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EQing individual bass notes

After reading your bassline equalisation advice, I’m curious because of the different harmonic positions relative to the note frequency, if you have a baseline that changes notes, should you / would you gain any benefit from having each note on a unique track with separate EQ, or automating the EQ to respond based on the note sequence? Or is that just overkill?

Michael Roy

To EQ or not to eq each individual note depends on the genre you working on and the results you’re aiming for.

For example, if you have a kind of a soft, smooth, and groovy bass like typically used in Full-On or House music, it’s probably not worth it:

On a contrast, if you aiming for a really crispy and punchy bass that typically used in Progressive-Psy or Uptempo Psychedelic, then I would say a yes to extra EQing:

Now I would like to share some tips on how to use different bass notes with each individual EQ.

First of all, having several MIDI channels with different bassline notes is certainly an overkill. For every tiny change in the bass sound you would need to change it manually on the other channels as well. It’s also not convenient working with MIDI that way and not efficient for the computer resources.

Picture 1. Having multiple MIDI channels for each bass is a bad idea, don’t do like that

And what if your bassline MIDI pattern is going crazy with changes every 1/16th notes? In case of having a unique track for each bass note, it’s simply impossible:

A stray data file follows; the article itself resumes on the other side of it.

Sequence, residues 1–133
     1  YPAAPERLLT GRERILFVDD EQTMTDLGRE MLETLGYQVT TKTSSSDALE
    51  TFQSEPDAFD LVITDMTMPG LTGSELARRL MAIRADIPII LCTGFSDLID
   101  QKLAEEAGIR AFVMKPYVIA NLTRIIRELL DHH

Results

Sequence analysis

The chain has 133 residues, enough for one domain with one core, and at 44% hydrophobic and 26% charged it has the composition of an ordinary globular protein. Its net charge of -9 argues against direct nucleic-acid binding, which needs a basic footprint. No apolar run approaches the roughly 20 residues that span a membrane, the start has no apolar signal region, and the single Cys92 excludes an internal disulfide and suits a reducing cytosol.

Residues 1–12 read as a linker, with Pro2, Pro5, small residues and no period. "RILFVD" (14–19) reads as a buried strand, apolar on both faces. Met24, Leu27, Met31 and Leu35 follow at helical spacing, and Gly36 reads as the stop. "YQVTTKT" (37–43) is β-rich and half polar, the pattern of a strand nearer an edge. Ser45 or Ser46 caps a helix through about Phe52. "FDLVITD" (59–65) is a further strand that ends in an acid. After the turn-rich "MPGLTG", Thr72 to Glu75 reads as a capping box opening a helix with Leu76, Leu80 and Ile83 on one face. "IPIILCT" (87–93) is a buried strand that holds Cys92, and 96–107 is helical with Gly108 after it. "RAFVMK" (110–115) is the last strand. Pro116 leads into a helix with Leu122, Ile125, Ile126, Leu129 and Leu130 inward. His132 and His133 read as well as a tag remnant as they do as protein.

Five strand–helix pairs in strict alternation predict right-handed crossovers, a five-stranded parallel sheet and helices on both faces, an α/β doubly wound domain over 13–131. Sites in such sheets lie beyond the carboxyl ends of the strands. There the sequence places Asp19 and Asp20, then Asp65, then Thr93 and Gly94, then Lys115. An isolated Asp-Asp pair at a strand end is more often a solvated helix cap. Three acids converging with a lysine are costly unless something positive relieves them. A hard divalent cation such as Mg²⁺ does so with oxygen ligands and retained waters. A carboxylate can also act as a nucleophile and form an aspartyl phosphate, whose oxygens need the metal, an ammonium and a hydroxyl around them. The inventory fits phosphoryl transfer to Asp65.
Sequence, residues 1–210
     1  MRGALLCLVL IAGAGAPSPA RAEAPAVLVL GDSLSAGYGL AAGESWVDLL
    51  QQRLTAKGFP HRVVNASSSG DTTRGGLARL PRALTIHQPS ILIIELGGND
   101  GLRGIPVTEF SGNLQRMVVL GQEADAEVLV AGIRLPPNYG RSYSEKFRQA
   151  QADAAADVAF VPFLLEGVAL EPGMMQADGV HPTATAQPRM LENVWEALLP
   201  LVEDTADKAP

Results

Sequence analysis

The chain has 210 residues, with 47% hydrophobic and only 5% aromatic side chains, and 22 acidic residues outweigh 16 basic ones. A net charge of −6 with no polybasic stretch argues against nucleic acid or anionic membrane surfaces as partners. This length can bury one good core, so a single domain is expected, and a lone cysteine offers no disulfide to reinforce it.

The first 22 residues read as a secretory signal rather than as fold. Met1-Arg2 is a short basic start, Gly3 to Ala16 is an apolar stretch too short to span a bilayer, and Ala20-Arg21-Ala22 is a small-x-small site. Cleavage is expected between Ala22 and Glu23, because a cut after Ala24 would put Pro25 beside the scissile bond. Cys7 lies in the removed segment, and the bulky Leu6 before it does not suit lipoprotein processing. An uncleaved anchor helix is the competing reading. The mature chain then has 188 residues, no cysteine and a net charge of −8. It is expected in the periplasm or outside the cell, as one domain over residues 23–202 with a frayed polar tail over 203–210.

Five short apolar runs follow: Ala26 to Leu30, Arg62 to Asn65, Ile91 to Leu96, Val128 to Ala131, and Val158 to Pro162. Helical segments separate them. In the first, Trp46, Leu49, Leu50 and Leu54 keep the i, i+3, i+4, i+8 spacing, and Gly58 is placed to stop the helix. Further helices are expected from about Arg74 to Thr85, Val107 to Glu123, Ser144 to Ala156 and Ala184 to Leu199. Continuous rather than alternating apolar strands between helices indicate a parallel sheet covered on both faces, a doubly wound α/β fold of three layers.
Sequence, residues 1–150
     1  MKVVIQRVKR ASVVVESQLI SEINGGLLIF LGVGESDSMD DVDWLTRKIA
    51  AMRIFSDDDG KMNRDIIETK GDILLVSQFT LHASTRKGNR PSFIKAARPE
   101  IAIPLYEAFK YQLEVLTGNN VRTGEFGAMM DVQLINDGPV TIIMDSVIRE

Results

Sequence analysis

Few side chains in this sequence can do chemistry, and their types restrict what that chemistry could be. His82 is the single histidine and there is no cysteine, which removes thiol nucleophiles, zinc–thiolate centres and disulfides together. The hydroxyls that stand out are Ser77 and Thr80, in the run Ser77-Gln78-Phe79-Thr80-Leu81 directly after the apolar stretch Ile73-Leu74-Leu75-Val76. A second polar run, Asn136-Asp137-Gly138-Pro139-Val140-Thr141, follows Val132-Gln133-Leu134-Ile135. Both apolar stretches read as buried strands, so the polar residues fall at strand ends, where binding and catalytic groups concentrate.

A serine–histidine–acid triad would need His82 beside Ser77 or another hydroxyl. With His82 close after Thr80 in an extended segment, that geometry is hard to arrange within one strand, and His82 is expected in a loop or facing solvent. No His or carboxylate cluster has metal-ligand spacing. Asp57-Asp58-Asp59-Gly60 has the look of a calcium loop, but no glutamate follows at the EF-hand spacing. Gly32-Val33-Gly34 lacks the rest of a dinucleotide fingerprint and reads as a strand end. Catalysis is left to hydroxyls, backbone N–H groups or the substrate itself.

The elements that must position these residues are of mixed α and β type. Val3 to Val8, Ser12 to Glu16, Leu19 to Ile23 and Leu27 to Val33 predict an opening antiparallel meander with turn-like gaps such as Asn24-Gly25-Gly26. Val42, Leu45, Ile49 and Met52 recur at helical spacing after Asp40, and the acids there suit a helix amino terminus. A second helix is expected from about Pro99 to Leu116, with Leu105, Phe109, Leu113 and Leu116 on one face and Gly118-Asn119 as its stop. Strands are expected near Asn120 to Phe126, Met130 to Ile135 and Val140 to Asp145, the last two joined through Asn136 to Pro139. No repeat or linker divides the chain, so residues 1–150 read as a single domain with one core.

Picture. A pattern like this is impossible if you have several MIDI channels for the bass

A good solution that I’ve been personally used for years is using resampling. Just put an EQ on the bass channel, resample that one note as a piece of audio. Then put an EQ with different settings for another note, resample it. And repeat for any other notes. I know it sounds like a huge amount of work when you read it, but in fact, it takes just a few minutes tops if you know your DAW well.

Eventually, you should audio samples for each note. Like this:

Picture. Resampled notes, each with EQ tailored for its frequency

Now create a new MIDI channel and add these samples into a new Drum rack:

Picture 4. Bass samples loaded in the Drum rack

And now create a new MIDI clip and draw any pattern using these samples, as easy as it gets:

Picture 5. MIDI pattern played by different samples, all within one clip

You can hear this technique in action in any of my productions which has that kind of “jumping” bass pattern, for example like in Structured Chaos:

I hope it makes sense.

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This post is a part of the “Advice” series. I’m happy to advise on such topics as music production, sound design, performance, management, marketing, and career advice in the music industry and beyond. Send me your questions, too.

3 comments
Anatoly M.

I enjoy your weekly advice very much and read it religiously.
Could you elaborate on clap and percussive section, specifically transients, and compression?

Daniel Lesden

@Anatoly M. I’m glad you find it useful :-) So what about the claps and percussions, exactly? Please describe your question or the issue you have in all details here: http://daniellesden.com/advice/ask.

Thomas S

Really really helpful,
lots of good tips & tricks on this website.
Thanks for sharing

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